There may even be competition in this niche, perhaps a Mexican who doesn’t assign as high a value to his time or is willing to engage in all this activity for a lower anticipated profit margin, and sells for say, just double the normal while the white man from Alabama sells for triple.
Before you take issue with the items I chose, replace them.  What about bottled water? Or disposable diapers, generators, batteries, gasoline, phone chargers…or anything you can imagine.
Do you think this example is price gouging? Do you believe it is immoral? Or is this kind of entrepreneurial activity actually a good and praiseworthy endeavor typical of the kind of conduct that helped to build this nation?

Celebrating Labor Day? Don’t

President Cleveland created Labor Day on June 28, 1894 in an attempt to quell a strike by 150,000 railroad workers that had crippled the country’s economy.  The striking laborers refused to go back to work and eventually clashed with federal troops. Their leader, Eugene Debs, was sent to prison, where he eventually became a Marxist.

The common ideology of the unions and the socialists made for a profitable long-term alliance.  Each sought to overthrow the existing order, each proclaimed an entitlement to the property of others, and each was quick to resort to violence when lawful means were unproductive.  Within two years of the institution of Labor Day, a quarter of a million workers in Chicago walked off their jobs, demanding a shorter work week (but the same pay).  As so many strikes do, this one resulted in violence when police attempting to disperse the crowd at the Haymarket Square were attacked with a dynamite bomb.  Seven police officers were killed.  They would be the first victims of the new century of union, socialist violence.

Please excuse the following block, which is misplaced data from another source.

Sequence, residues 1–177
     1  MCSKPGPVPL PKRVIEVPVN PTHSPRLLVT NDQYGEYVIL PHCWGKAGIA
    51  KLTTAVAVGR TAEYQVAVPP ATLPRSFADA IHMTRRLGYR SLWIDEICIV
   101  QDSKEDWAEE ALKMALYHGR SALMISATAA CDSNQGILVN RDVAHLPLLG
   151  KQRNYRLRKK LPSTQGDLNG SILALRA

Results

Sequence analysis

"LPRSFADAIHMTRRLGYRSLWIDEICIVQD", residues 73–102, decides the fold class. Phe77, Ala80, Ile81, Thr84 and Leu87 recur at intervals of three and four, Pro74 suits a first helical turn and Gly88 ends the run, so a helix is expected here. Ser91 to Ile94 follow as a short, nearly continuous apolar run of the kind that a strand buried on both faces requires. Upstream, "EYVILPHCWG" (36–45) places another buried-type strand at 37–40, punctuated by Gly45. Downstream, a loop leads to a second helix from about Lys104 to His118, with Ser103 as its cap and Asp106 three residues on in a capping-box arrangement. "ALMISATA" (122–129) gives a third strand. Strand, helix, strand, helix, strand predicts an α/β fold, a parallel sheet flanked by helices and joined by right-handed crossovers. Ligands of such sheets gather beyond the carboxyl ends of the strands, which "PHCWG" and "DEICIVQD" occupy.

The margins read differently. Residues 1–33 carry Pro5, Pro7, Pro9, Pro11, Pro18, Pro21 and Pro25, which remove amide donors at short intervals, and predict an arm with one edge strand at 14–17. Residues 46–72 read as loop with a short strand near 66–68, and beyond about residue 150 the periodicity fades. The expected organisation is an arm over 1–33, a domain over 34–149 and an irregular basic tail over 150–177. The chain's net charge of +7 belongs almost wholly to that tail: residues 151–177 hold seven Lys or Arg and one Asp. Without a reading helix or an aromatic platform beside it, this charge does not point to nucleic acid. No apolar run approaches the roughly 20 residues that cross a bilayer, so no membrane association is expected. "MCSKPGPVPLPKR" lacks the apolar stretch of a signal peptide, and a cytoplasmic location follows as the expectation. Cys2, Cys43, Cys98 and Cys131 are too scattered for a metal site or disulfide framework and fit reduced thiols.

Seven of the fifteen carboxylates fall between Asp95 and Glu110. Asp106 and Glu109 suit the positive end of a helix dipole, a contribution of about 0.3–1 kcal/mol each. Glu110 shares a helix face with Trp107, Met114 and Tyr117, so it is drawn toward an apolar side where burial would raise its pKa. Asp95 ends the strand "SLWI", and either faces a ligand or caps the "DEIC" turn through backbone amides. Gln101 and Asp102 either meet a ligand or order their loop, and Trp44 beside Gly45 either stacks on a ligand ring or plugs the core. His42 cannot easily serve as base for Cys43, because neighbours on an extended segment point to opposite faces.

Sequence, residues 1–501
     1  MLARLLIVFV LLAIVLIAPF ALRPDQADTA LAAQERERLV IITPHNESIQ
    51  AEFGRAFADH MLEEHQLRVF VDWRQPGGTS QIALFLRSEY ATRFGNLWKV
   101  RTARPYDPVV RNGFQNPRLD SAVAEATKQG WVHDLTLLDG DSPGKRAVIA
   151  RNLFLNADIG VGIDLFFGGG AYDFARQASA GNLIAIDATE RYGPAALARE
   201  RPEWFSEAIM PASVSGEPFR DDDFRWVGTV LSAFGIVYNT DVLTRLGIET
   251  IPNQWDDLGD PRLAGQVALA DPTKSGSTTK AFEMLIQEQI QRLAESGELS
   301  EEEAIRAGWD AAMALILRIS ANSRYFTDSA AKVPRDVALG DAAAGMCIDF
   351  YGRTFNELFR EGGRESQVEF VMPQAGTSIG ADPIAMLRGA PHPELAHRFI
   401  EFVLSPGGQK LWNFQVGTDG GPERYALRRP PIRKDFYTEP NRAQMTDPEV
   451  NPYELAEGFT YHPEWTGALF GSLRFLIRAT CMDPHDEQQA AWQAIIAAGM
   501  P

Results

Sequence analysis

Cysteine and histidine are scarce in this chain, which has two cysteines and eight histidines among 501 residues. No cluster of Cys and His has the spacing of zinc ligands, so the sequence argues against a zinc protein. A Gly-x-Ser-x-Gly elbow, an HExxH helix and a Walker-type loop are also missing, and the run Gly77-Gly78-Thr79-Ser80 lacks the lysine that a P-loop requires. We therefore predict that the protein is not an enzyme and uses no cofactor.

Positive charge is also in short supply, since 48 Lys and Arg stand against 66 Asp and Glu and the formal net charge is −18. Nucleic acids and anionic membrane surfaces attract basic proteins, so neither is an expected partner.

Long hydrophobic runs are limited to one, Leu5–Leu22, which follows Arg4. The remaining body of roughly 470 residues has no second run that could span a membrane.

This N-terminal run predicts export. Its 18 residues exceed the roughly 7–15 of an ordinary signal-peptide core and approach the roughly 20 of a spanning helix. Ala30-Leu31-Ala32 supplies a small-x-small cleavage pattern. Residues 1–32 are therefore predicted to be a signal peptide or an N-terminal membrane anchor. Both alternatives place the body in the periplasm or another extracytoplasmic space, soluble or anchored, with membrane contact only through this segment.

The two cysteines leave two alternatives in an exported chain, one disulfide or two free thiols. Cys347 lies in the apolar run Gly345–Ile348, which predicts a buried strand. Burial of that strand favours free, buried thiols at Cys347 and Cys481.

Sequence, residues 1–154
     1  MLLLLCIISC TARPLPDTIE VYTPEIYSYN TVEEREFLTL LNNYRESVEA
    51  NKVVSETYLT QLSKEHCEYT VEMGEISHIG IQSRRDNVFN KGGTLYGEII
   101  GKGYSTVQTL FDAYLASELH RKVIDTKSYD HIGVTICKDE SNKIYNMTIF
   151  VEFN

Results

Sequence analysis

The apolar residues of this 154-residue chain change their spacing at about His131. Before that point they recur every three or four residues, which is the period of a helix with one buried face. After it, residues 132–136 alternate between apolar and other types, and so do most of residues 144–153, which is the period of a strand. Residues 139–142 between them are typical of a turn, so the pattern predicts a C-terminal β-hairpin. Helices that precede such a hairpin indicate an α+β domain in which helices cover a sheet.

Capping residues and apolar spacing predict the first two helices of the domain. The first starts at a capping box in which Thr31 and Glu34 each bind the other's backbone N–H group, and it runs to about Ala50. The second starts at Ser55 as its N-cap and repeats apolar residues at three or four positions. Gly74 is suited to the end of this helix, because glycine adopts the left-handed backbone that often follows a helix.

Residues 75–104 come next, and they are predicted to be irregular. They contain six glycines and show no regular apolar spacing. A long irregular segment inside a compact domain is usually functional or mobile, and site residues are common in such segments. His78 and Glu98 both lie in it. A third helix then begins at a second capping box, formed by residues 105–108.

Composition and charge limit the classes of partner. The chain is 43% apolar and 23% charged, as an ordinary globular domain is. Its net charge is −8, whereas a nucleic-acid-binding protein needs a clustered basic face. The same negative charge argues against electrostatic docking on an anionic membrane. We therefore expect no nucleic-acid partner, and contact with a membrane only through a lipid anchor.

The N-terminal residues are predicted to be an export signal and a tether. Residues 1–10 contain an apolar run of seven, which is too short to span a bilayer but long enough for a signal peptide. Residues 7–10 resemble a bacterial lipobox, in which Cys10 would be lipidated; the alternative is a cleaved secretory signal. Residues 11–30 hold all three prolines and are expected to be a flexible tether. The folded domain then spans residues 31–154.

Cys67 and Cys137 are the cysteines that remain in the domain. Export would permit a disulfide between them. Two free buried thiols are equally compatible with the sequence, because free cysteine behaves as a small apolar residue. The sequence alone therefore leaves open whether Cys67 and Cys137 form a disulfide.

The unions have long cultivated the myth that their reason for existence is the promotion of workers’ rights, but from their earliest days the opposite has been true.  Shortly after the Civil War, as black Americans flooded northern industrial areas in search of jobs, labor unions such as The Brotherhood of Railroad Firemen and Brotherhood of Railway Trainmen prohibited the admission of black members.  They also banned Catholics.  Consequently, the railroads employed almost exclusively white protestants whose wages were kept high not because of the value generated for their employer, but through race and religion-based discrimination which kept a significant number of minorities from competing for the same jobs.

The racism of the unions was not limited to blacks and Catholics in the antebellum period; blacks would be discriminated against by the unions (and federal government), through even World War 1, while Asians were banned from membership in the American Federation of Labor.

As distasteful as the racism and bigotry is, the central premise of the American labor union should be distasteful to every person inasmuch as it is based on little more than envy and theft: